The ‘friendzone’ defies explanation because it doesn’t need any. We’ve all been there at one point, maybe twice, maybe thrice — even me. But it’s a cold, dark place only if you let it be.
I first visited the friendzone when I met June (not her real name). I was thirteen years old and she was the most beautiful girl I’ve ever seen. It was a Halloween party, and that silky white skin of hers lit up against the glaze of a bonfire in that cool, October night. Her hair, black as black, fell just before her shoulders and those cheeks — God, those cheeks — were lifted up by the perfect arc of her smile. At thirteen I was in love with the girl of my dreams, the one made for me. But only if I could talk to her. Only if I had a smoother way of staring at her during the Christmas eve masses. Were my intentions that obvious when I asked her to prom three years later? And did I miss something when she said ‘No’?
Because despite my weakness — oh, how she made me weak — I got around to calling her friend. We eventually hanged out with other friends, spent nights in each others’ homes. We guys talked about girls, they talked about boys, and we talked about each other, laughing at the funny kid who stared at June from across a bonfire four years ago. But it didn’t last. Our two other friends eventually became a couple, putting June and I in an awkward spot. I felt like I was thirteen again, waiting to see if all it took was time. But time eventually drifted us apart. We all went our separate ways for college and I never saw June again.
I never had her, but I had her friendship once. This is what I reminded myself when I met July (not her real name): that as my first act of wisdom I saw to it that I would never sacrifice a friendship for the sake of romance. So July became one of my best friends. We took judo together. We joined the team. I even took German for my foreign language even if I had the least inclination towards anything European. We would text each other at night, she’d lend an open ear whenever I’d go through personal stuff, and I’d edit her papers the night before her deadline even if it was the same as mine — things that friends do.
I was obviously deeply attracted to her, the most beautiful soul I’ve ever met. Her kindness, empathy, and compassion were all so pure, so unconditional, and lovingly disarming. And whenever I look at her — oh, how she looks — there is no other adjective that comes to mind than angelic. Her long, sun-kissed curls glisten in the campus sun, as she carries herself with a natural grace, that relaxed smile, and those soft, piercing eyes. We were just never available for each other in college. While I was free she had a boyfriend, and when she was free I had a girlfriend. But we kept in touch. Even until after graduation as she moved on to law school and I to teach in high school. She still asked me to edit her papers, we still talked into the night. And when we were finally available for each other, we dated more than once but it never felt real. Like I didn’t want it to be. Until eventually I just disappeared from her life, and the next thing I heard from her is that she’s met this fantastic guy. They marry eventually.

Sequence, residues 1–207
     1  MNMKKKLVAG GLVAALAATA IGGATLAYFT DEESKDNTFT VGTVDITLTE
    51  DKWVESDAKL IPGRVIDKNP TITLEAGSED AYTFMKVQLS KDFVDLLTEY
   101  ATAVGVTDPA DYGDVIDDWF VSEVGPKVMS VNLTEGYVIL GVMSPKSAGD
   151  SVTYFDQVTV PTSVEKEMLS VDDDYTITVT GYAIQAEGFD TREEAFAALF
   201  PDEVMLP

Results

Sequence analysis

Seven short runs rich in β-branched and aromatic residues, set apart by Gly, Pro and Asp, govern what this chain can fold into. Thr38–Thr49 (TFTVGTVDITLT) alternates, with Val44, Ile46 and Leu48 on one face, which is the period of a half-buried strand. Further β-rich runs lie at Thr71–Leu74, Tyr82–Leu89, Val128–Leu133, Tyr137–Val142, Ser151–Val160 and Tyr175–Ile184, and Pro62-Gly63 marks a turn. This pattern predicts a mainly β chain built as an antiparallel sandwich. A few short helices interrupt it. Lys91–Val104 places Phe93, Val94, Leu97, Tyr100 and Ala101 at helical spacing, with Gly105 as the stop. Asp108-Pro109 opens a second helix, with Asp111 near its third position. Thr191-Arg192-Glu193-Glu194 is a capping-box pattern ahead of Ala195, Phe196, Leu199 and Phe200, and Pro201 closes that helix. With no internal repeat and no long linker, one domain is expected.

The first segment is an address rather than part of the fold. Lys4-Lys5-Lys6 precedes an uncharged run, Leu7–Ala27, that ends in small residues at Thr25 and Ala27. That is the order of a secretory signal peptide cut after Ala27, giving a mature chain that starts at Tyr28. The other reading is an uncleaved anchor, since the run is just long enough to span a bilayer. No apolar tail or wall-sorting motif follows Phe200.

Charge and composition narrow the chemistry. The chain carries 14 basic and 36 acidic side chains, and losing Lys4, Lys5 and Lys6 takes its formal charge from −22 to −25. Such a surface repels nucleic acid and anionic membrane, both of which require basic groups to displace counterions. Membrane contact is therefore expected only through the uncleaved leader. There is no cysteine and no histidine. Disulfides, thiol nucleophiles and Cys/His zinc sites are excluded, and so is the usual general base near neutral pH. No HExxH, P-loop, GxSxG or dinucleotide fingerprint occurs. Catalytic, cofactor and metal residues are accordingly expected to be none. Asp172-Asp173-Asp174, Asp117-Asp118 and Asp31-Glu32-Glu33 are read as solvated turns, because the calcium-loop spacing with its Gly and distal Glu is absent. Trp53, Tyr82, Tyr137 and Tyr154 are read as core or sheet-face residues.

I lost her because I was afraid of losing her. That somehow I held on to this notion that it wasn’t worth losing the friendship for something more. I couldn’t have been more wrong. Or rather, it was foolish that I didn’t even try.
So for a while, I took it wiser not to try. That as the years went on, I committed myself to teaching and nothing more. I grew jaded from romance, not just by the actual relationships I’ve had that failed, but also by those I never had. The friendzone can be a cold, dark place, indeed.
But only if you let it be.
Nervous and cynical of my own track record at relationships, it is no surprise then that I stumbled into the friendzone for the third time in my life. We began excited by the things we held in common but as the months wore on, it became a clash of differences, squabbling over the smallest things. I chide her for the lack of urgency in her texts, and she mocks me for the way I pronounce incredibly difficult words such as inasal (it’s not a soft ‘a’), alaxan (it’s not a long ‘a’), and Moalboal (it’s not like ‘coal’) and how I stubbornly insist on spelling halo-halo as halu-halo. I’d expect more empathy from a linguist, but then again I’m not helping myself whenever I choose to hang out in The Fort instead of BF Homes.
But when the going gets tough, nothing closes our ranks like railing against the freethinkers, Roger Federer, and Filipino politics. We also unite over good movies, great food, and thinking about our dreams. We’ve become safe harbors in each other’s lives, motivating each other to be more ambitious, to face our problems head on, and to dream a little harder. And though we’ll most likely never put our relationship status on Facebook, it need not be asked whether what we have is more than friendship. After all, what can be more than friendship?
Because the friendzone is a place that can only be as wide and deep as your heart allows. You only have to let go of your expectations and your fears to see what you’ve really got while you still have it, and to enjoy what else might be if you simply allow it to be. There is no perfect scene, no perfect time, to appreciate the person standing before you.
Because whenever I see her — oh, how I miss her — I need not put a label to that mischievous smile, those warm, affectionate eyes, the hair that glides through my fingers, and those hands that keep me safe. Whether it’s under the Cebu sunset or the night lights of the Singapore GP, she shines for me, this girl who travels, who takes me to places as if they were mere pit stops, wherever its location, region, or zone.